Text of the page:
Marion Brady's hummingbird rescue service has been grounded.
Brady took down her website and stopped accepting injured or abandoned hummingbirds on Monday, after she learned that she didn't have the proper permits for the work she was doing.
"I'm dumbfounded," said Brady, a career law enforcement officer. "I'm saddened that I can no longer help the birds."
For the past four years, Brady has been rehabilitating and releasing hummingbirds at her home under a permit held by Gilcrease Nature Sanctuary. Or so she thought.
According to Doug Nielsen, spokesman for the Nevada Department of Wildlife, there are only three such permit holders in Southern Nevada, and Gilcrease is not one of them.
And even if the nature sanctuary had the proper paperwork, Nielsen said, the permit would not extend to any rehab work performed outside the property.
"Her heart was in the right place," he said of Brady. "But what she was doing was way out of range."
Brady's work with hummingbirds was featured in the Las Vegas Review-Journal on July 7. Two days later, a state wildlife official who read the story paid a visit to Gilcrease.
Jessica Pigula is board president for the nonprofit nature sanctuary, which has operated in the northwest valley since 1970. Reached for comment Friday, she said she has to be careful and "tread lightly" because the facility is under scrutiny from state wildlife officials.
Pigula characterized the permit issue as a "misunderstanding" that has been made all the more confusing by recent turnover in the facility's office staff, including the departure of the previous executive director.
When Brady got word that she had to shut down, she was not amused.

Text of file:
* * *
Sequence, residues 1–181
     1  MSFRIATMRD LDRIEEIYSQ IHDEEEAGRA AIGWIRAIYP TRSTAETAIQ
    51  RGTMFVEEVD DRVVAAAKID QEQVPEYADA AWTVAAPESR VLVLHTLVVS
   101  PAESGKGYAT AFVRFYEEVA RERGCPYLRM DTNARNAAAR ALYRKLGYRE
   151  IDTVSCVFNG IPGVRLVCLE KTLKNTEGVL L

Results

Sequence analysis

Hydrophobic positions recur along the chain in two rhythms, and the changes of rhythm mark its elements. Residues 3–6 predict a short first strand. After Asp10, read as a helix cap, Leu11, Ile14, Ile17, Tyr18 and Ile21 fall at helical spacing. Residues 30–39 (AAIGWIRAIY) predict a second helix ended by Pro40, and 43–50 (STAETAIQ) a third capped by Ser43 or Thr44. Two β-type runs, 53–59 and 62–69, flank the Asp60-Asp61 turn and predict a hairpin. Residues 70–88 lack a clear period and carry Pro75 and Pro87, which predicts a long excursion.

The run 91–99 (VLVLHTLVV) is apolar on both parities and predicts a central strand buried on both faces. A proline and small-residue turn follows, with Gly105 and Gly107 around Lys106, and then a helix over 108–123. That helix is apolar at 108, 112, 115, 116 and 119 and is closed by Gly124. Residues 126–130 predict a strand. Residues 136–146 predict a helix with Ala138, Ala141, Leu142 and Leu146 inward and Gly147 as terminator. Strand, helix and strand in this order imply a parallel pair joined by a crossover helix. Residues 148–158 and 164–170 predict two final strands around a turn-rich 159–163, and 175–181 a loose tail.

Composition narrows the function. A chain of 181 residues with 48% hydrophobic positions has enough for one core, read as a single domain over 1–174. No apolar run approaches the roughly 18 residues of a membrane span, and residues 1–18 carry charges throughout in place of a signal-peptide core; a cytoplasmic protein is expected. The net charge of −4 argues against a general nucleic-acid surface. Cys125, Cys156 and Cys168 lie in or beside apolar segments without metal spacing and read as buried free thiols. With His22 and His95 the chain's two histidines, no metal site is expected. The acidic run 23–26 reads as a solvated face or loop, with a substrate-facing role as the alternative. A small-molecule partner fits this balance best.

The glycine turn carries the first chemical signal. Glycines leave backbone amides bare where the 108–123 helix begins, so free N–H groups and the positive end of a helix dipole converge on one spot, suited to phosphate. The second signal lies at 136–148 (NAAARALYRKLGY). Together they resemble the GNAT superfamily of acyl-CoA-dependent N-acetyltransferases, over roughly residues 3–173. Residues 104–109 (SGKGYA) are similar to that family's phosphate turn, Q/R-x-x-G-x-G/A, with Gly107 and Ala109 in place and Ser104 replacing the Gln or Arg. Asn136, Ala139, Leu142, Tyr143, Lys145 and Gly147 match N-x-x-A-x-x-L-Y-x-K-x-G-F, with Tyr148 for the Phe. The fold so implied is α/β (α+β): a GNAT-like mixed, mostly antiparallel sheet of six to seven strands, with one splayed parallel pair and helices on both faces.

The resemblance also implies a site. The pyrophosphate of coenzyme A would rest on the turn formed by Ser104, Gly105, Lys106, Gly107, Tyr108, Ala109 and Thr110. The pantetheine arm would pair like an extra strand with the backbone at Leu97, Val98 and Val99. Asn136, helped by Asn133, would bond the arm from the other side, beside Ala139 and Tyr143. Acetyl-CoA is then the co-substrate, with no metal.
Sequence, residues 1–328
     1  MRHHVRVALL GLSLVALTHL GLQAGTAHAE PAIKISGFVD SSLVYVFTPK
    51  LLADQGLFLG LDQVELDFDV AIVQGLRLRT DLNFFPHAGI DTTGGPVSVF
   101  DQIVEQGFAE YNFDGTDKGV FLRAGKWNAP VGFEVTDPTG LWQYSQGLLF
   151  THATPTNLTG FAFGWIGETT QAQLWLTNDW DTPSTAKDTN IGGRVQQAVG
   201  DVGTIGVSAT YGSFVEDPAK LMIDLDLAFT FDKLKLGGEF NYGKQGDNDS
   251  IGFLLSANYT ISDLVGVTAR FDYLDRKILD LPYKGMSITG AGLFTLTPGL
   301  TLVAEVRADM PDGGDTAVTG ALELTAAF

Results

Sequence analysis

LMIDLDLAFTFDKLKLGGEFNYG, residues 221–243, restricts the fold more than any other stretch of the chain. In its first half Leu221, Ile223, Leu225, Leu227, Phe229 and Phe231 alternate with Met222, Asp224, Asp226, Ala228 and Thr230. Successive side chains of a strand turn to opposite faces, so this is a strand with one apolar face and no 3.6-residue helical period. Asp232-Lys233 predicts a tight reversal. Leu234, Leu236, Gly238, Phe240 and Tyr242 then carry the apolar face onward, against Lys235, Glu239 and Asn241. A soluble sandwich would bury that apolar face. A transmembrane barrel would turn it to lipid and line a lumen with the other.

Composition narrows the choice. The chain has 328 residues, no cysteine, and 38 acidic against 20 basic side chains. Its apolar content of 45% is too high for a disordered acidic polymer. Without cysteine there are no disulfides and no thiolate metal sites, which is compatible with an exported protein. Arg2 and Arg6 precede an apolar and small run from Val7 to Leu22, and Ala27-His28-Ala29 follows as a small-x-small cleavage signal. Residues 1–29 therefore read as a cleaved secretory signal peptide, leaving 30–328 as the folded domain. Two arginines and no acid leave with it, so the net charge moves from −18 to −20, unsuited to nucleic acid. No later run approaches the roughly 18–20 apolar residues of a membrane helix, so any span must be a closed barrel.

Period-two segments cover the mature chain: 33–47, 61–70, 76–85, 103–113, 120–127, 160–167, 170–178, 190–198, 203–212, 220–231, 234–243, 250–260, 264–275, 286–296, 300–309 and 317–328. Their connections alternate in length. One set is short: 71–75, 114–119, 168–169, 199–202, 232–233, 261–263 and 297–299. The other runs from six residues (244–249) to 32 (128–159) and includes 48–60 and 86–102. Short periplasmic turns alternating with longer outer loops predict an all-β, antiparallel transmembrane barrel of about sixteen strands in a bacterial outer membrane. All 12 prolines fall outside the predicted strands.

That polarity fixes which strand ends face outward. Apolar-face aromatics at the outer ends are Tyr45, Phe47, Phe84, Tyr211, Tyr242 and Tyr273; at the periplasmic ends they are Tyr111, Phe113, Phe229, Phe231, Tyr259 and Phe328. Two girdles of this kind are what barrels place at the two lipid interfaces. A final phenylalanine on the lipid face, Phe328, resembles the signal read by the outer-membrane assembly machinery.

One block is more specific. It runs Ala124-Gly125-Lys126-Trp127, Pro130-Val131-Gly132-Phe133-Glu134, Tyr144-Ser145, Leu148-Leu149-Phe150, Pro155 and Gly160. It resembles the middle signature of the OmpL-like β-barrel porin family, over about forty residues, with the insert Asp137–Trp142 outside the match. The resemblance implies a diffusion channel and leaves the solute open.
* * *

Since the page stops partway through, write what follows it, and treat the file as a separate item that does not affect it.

She said the first hummingbird she rescued four years ago came from Gilcrease. Since then, she has successfully rehabilitated more than 30 of the tiny birds, an intensive and unpaid hobby that sometimes required her to hand-feed babies every 20 minutes or so.
Brady never advertised her services. She said most of the people she dealt with were referred to her by Gilcrease.
She would carry a copy of Gilcrease's permit with her whenever she went to pick up birds from people, and the carrier she used to transport the birds had the permit number written on it in permanent marker.
At the start of last year, she began requiring people to fill out a form anytime they turned a hummingbird over to her. Brady said she gave all the completed forms from 2011 to Gilcrease so they could be submitted to federal regulators.
"I thought I was all legit and everything," she said.
Nielsen said rehabilitating hummingbirds and certain other migratory birds requires permits from both the state Department of Wildlife and the U.S. Fish and Wildlife Service.
He said in an email that the permitting process enables wildlife officials to make sure the people performing rehabilitation work "have the necessary experience to properly handle and care for the animals and are following accepted protocols and procedures."
DISEASE, ILLEGAL TRAFFICKING
It's also a way to prevent the spread of disease and the illegal trafficking of wildlife and to ensure that "people aren't just removing wildlife from the wild on a whim, that there is some order to things," Nielsen said.
For now, Gilcrease Nature Sanctuary is concentrating on caring for the animals it already has, but Pigula said "the ideal outcome would be to get us our rehabilitation permit."
Until then, she hopes people who find injured or abandoned birds will seek out one of the valley's licensed rehabilitation services. People keep trying to drop off baby birds at Gilcrease because they are familiar with the nature sanctuary, she said, "but we can't take them."
Brady can't either.
But here's the good news, she said: "Baby season" is over for the year, and all the birds she has taken in so far have already been rehabilitated and set free.
Brady retired this week after 20 years as a crime scene investigator for the North Las Vegas Police Department. She is now in the process of applying for her own state and federal bird rehabilitation permits.
She said she hopes to have them in hand by early next year, when hummingbird eggs start hatching around the valley and her phone starts to ring.
Contact reporter Henry Brean at firstname.lastname@example.org or 702-383-0350.